What the Workshop 
can do for you.

Custom Built Apparatus 
in Pyrex, 
Quartz, Soda or Lead.
Vacuum Lines-
Solvent Still Heads-
Schlenk Tubes & Flasks
-Glass to Metal Seals
-Quartz to Pyrex Seals-
or any idea you come up with.








WebPage By
C.Smith
 

SILICON GREASE


Silicon greases have one major wonderful noteworthy feature--they are cheap! Secondly, they are mostly impervious to hydrocarbon solvents. Unfortunately, they are not perfect. The biggest problem is that they are composed of two materials, a volatile and a non-volatile component, and the volatile is very volatile. In fact, once purchased, silicon grease should not be kept in the lab over 18 months as it ages in the tube. Once applied on a joint or stopcock, it should be completely removed and replaced every month or two. Even if you do not rotate the plug, a stopcock or joint may leak if left alone for several months. In addition, although silicon grease has a low vapor pressure (<10-5), it does creep under vacuum and will spread from a joint into the apparatus itself laying a film throughout. While silicon grease is very inert and not likely to cause any problems, complications do arise if you want the items repaired and/or altered. The problem is that it is not easy to remove the non-volatile component of silicon grease: the silicon. Under high heat (>400°C), the silicon component will fuse onto the surface of the glass and if a torch is applied to the glass, the silicon will burn into the glass destroying the glass that was heated. The best way to remove silicon grease is to remove the bulk of it with methalene chloride followed by a soaking for about 20-30 minutes in a base bath.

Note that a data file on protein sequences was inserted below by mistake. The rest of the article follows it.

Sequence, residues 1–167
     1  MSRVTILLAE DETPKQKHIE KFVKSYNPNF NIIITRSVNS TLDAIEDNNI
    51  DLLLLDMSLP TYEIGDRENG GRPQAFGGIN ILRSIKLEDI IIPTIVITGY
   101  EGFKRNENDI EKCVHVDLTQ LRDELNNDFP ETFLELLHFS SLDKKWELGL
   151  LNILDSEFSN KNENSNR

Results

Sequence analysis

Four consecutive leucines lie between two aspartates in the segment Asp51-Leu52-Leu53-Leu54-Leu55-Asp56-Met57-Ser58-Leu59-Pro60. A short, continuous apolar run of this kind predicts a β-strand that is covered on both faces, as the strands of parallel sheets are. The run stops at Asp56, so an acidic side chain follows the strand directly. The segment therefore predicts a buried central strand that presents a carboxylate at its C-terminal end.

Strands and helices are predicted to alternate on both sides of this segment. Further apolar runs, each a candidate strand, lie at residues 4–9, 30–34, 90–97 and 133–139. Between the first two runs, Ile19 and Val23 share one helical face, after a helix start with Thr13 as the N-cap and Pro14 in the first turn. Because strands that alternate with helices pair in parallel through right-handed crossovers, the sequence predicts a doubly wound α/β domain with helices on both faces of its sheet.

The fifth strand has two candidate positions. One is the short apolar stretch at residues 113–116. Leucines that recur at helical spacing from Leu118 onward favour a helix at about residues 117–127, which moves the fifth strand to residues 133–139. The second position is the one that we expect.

Also items that will be used for long term storage, e.g., desiccator jars for long term storage, should also never use silicon grease because of all of the aforementioned issues.
 Full Article
 

Gary Coyne is the author of 
"The Laboratory Companion,"
from Wiley Scientific

This book can be obtained by such vendors as Amazon.com
 
 

Glassblowing Workshop, School of Chemistry, North Haugh, St Andrews, KY16 9ST 


Colin F. M. Smith
Tel: 01334 463890 

Fax: 01334 463890

Email:  cfms@st-and.ac.uk
 
 

The workshop is always open 
for anyone to come and discuss 
or design work projects.
Please let me know as early 
as possible any projects you 
have planned for the future as 
soon as possible as the 
materials needed may have to 
be ordered and deliveries can 
take a long time.